Invention of the Mizrahim

Israel invented the word Mizrahim to strip Arab Jews of their histories as they tried to do with Palestinians.

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    Three Mizrahi Jews reading a copy of the Hebrew Bible at a Jewish refugee camp, March 3, 1949 [AP]
    Three Mizrahi Jews reading a copy of the Hebrew Bible at a Jewish refugee camp, March 3, 1949 [AP]

    The State of Israel was conceived at the turn of the 20th century in Eastern Europe by a group of elite European Jews who launched a movement called Zionism that sought to establish a physical nation state exclusive to Jews. It was a typical settler colonial enterprise, complete with the narrative of a divine mandate and a non-existent or savage indigenous population, central to which was the myth that Jews of the world formed a singular people, favored by God, who were returning to their singular place of origin - Palestine - after a three thousand year absence.

    Although it was a project conceived in Europe by Europeans and for European Jews, they lacked sufficient numbers to build a population large enough to conquer the indigenous Palestinian population. Thus, recruitment of Jews from the surrounding Arab world was a necessary inconvenience. They did so through propaganda and by creating false flag terror incidents (bombing of synagogues or Jewish centres) in order provoke an exodus of Arab Jews. A prime example of this happened in Iraq, where the oldest Jewish community in the world had lived for millennia as contributing members of Iraqi society, and who prospered, contributed to the arts and the economy, and participated in government. 

    But these Jews were not embraced as brethren by European Zionists. Zionism was decidedly colonial, and that meant that Jews of the Arab world were seen as incomplete, barbaric, dirty, uncivilised. Za'ev Jabotinsky, one of the forefathers of Zionism said, "We Jews have nothing in common with what is called the Orient, thank God. To the extent that our uneducated masses [Arab Jews] have ancient spiritual traditions and laws that call the Orient, they must be weaned away from them, and this is in fact what we are doing in every decent school, what life itself is doing with great success. We are going in Palestine, first for our national convenience, [second] to sweep out thoroughly all traces of the Oriental soul."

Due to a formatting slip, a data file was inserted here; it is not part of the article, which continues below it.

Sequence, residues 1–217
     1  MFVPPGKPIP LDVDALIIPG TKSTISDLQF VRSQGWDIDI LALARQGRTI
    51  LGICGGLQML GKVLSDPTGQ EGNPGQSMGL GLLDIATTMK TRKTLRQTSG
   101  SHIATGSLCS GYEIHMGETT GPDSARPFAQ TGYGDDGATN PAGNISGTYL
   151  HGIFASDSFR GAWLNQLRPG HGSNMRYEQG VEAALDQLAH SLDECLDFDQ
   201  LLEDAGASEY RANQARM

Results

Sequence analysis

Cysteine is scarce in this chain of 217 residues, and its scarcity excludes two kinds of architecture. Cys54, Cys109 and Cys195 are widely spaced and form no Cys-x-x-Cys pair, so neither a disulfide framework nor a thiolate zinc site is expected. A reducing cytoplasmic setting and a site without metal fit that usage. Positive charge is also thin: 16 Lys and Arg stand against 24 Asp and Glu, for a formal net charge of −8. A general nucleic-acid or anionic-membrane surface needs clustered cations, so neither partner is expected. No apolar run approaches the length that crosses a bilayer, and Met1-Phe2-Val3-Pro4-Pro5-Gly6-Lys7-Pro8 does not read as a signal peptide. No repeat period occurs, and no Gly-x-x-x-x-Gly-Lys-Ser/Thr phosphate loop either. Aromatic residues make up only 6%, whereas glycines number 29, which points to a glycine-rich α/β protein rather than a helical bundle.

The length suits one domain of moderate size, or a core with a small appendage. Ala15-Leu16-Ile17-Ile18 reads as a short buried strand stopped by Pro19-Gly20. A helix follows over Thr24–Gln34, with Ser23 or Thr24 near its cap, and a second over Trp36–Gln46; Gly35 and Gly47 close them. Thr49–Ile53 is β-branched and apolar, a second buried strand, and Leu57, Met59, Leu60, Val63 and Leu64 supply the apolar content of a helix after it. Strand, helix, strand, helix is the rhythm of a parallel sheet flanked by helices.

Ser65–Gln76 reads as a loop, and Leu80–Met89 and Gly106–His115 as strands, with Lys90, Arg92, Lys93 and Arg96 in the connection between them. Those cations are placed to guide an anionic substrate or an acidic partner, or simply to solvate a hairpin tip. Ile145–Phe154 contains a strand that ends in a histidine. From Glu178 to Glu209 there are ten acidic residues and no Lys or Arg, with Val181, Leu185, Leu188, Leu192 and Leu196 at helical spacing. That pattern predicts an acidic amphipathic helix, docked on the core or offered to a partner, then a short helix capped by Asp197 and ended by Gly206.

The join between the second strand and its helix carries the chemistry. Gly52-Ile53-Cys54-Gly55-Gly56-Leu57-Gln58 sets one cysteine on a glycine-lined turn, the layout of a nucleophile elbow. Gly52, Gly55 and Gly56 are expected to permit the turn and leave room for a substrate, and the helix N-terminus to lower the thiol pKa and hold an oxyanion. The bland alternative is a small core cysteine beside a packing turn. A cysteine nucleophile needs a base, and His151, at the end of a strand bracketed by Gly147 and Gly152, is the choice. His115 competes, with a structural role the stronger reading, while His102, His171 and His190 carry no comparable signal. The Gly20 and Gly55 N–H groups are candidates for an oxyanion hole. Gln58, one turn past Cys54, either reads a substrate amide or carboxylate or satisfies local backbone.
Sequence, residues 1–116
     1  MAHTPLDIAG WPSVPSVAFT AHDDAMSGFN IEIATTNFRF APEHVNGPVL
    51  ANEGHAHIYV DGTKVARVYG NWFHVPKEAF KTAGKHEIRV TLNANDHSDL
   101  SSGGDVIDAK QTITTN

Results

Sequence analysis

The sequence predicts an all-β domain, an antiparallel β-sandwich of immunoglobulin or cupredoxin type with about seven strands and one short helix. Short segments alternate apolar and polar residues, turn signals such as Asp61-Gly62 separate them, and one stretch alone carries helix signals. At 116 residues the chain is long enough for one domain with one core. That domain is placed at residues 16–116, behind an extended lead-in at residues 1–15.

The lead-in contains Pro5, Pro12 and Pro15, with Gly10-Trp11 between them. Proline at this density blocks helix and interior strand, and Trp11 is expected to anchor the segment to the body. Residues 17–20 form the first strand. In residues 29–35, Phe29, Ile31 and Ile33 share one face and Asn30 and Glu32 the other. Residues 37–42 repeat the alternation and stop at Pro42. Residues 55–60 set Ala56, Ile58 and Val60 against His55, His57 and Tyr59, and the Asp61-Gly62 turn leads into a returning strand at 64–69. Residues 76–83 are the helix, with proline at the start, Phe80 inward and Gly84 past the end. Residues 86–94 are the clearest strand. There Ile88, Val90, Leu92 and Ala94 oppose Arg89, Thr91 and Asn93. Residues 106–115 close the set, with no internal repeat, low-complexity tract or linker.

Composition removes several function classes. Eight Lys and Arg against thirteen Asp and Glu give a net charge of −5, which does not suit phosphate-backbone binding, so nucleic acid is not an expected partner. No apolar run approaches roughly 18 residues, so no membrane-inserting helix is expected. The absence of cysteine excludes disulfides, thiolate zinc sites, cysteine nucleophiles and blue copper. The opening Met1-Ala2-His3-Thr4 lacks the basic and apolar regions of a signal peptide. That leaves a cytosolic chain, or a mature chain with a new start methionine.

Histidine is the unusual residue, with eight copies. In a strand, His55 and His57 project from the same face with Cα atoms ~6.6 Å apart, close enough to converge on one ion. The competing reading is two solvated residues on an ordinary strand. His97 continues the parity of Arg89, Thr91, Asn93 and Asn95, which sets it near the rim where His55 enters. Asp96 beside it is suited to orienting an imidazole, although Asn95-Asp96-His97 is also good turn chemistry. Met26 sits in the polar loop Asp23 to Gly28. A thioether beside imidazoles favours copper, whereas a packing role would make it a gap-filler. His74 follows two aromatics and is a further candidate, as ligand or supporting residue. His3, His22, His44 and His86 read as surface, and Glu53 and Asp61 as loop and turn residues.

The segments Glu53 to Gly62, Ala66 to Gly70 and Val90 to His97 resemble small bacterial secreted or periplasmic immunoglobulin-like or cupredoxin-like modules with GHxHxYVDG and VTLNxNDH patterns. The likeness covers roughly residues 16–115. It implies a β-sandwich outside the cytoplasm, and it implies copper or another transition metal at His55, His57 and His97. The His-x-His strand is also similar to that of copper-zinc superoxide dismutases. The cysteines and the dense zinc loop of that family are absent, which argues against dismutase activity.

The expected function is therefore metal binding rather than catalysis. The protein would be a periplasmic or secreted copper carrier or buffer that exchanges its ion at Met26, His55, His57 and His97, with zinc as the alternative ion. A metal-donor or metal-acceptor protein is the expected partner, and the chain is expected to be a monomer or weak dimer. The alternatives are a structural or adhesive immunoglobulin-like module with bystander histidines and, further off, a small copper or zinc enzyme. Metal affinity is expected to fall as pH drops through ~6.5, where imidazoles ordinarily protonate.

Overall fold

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    A multitude of programs and protocols were implemented towards this goal. One of the most egregious was a large initiative of stealing the babies of Arab Jews and giving them to be raised by European Jews. But the larger efforts were simple propaganda campaigns that were implemented in schools, communities, and national projects. 

    The word Mizrahim, from the Hebrew and Arabic words meaning "those of the East," was popularised to lump all of these peoples of different nations into a single miscellaneous category that erased their individual ancient histories and cultures that spanned thousands of years of life and tradition, replete with countless and invaluable achievements in their respective nations.